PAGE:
It was just a 10-cent composition book, measuring 8 ½ x 7 with no more than 50 lined pages. He bought it before his first quarter as a college freshman to keep track of his grades. But that little notebook would hold so much more than he ever imagined.
The only son of a tobacco farmer, Jack was the first member of his family to attend college. He’d labored for years alongside his father and had no desire to take over the family farm. So he saved his hard-earned money to pay for his first quarter at the University of Tennessee in Knoxville. He enrolled on January 3, 1959 and lived with his aunt while taking English composition, general chemistry, fundamentals of engineering and other classes. He neatly filled the first two pages with course numbers, credits and grades.
In a few months, Jack had run out of money, so he packed up his belongings, including the composition book, and returned to the family farm in Rutledge. His days were filled with work and wondering what to do next. He longed for an education but wasn’t sure college was the right path for him.
As an avid musician, Jack played guitar and sang every chance he got. He and his four younger sisters sang all over town and even recorded a record. He used that composition book to write down some of his favorite music from artists such as Tex Ritter, Don Gibson, The Browns, Jim Reeves and George Jones.
In 1960, the US announced it would send 3,500 American soldiers to Vietnam. Jack knew his chances of being drafted into the Army were good now that he was no longer a full-time college student. But he had his sights set on another branch of the military. So on August 3, 1960, Jack joined the US Air Force to see the world. He had loved his ROTC training while at UT, learning how to march and salute. Joining the Air Force was just the next natural step.
He served at Keesler AFB in the sweltering city of Biloxi, Mississippi for Basic Training. Eight months later, Jack was headed to Kaiserslautern, Germany where he would serve his first tour stationed at Ramstein AFB. He was part of the 604th Communications Squadron, which made tremendous contributions to American intelligence during the Cold War.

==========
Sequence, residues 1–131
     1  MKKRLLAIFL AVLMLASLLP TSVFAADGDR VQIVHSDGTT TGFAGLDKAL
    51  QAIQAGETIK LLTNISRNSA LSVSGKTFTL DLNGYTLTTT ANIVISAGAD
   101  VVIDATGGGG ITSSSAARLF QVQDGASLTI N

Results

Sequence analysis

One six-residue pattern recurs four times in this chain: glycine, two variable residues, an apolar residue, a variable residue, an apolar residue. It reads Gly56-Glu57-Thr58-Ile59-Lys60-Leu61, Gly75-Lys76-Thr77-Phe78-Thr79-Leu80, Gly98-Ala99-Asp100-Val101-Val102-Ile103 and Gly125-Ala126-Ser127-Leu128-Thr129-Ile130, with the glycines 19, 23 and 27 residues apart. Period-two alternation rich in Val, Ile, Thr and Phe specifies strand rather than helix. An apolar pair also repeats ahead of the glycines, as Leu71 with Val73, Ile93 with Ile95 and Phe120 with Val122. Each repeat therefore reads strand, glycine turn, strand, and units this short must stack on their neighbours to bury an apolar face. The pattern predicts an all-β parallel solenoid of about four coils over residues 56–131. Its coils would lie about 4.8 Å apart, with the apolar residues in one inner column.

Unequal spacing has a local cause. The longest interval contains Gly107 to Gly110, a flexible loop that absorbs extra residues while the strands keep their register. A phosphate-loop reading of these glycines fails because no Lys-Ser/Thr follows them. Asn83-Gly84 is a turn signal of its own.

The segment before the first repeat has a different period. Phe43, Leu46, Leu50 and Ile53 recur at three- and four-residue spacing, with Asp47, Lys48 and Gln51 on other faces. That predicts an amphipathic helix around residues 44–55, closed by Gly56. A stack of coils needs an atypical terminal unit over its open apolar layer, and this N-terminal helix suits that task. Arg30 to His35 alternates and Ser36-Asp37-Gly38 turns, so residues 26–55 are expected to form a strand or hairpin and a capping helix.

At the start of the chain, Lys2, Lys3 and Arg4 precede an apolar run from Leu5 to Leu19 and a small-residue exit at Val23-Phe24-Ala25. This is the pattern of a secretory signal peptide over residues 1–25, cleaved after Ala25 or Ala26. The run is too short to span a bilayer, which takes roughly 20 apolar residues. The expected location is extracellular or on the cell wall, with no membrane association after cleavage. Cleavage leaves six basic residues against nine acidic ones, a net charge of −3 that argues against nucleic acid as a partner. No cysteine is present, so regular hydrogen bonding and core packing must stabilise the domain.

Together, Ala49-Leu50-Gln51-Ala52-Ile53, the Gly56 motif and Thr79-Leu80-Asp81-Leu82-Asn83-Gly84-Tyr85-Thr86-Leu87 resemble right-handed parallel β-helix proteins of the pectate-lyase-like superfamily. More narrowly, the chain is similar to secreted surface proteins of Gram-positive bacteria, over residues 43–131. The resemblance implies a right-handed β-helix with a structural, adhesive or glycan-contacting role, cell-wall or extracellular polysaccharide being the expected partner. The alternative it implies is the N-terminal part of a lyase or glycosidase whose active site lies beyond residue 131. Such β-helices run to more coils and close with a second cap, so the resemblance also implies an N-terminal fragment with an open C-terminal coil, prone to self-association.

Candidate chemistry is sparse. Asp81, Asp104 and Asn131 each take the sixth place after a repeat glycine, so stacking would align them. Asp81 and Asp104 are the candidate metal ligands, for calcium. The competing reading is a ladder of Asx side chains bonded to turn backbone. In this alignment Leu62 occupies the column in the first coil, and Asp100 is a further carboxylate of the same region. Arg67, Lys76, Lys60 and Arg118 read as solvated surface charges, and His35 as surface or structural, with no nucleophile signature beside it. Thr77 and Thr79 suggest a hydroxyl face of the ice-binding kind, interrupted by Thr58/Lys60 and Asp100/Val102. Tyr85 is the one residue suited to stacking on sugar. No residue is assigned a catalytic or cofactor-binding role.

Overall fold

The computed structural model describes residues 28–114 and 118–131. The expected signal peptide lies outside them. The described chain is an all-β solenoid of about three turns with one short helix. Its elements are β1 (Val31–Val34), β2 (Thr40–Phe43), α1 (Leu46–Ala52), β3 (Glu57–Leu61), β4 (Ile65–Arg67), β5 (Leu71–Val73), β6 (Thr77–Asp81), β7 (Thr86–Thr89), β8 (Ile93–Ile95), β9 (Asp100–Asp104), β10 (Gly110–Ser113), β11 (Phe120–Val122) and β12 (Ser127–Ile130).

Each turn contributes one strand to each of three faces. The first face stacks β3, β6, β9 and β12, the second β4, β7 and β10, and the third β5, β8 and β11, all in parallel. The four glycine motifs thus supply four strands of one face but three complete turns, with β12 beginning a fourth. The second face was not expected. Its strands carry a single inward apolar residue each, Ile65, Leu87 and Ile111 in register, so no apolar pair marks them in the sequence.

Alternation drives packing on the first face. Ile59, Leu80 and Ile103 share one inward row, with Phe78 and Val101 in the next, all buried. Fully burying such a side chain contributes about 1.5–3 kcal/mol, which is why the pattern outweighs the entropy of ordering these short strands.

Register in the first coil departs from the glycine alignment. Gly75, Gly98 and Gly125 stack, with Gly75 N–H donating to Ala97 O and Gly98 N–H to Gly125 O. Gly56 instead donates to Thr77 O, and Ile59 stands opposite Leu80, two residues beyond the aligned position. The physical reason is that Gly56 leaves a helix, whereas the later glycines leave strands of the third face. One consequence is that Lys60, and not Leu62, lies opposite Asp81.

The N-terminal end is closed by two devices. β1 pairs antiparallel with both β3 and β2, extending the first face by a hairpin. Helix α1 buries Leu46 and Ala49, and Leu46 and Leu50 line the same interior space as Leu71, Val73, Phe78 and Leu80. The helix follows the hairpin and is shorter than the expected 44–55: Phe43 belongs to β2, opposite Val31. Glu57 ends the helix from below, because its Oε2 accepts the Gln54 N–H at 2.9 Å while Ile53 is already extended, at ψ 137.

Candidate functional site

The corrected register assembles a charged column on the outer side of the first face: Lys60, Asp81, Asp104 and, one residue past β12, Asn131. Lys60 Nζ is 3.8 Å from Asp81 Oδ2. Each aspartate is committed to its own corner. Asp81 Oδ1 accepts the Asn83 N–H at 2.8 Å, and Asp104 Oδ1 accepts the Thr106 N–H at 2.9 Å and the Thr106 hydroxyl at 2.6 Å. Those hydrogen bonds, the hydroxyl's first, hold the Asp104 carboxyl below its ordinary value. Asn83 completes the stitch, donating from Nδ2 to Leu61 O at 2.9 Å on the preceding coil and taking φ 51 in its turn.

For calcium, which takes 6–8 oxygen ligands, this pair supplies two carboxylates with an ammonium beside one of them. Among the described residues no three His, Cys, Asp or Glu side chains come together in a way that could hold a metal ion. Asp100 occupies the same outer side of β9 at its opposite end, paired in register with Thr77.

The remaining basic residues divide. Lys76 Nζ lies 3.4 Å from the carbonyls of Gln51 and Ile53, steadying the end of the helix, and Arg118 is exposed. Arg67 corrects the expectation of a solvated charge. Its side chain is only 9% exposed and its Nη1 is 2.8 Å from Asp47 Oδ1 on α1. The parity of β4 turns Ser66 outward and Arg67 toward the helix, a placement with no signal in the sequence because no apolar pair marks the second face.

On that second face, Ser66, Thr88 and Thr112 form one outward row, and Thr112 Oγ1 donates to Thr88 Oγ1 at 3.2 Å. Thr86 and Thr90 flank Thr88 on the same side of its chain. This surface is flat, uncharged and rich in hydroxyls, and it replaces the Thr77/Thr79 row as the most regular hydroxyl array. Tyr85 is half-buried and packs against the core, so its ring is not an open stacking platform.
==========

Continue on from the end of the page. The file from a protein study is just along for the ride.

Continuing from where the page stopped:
While many of the men in his unit would drink away their paychecks, Jack and his roommate Lonnie saved up their money and took trips all over Europe. They traveled to Athens, Rome, Venice, Switzerland and Monaco. And on every trip, Jack took dozens of pictures on slide film, because it was less expensive than regular film.
Their unit was shipped out to places like Saudi Arabia and Izmir, Turkey. Jack took his camera and captured his buddies, their work and life in the field.
In January 1963, Jack and his unit traveled to see the Berlin Wall while it was still being built. From the military bus window, he could see the red Communist flags hanging prominently from government buildings and apartment complexes. They crossed a river dividing East and West Berlin where many East Berliners had been shot trying to escape. He couldn’t help but notice the shards of glass and barbed wire that lined the brick buildings separating communism from freedom. And all along, he snapped away.
Jack finished his tour and returned to his father’s farm in the fall of 1964. His small Rutledge community was proud of their son and everyone wanted to hear about the country boy’s travels all over the world. He put together a slide show. To ensure he didn’t miss anything, Jack dug out his 10-cent composition book and began labeling every picture, adding history and commentary.
Instead of history grades, the book held notes on the Turkish Republic and Kindsbach Cave, the site of Europe’s underground combat operations center. Instead of geography grades, that 10-cent book held memories of the Olympic Stadium in Athens, Greece, the Turkish Royal Palace and the Berlin Wall. Instead of engineering grades, Jack’s little book detailed his training in radio communications and bragged on a sergeant who could send and receive Morse Code in record time. Stalin’s tomb, the Brandenburg Gate, Princess Grace Kelly’s palace, the French Riviera ~ a lifetime of travels squeezed into one tour of duty.
Jack loved America and was proud to serve in the Air Force. And because of that little composition book filled with notes and memories, I can trace the travels of a 21-year-old country boy seeing the world for the first time.
Thank you for your service, Daddy.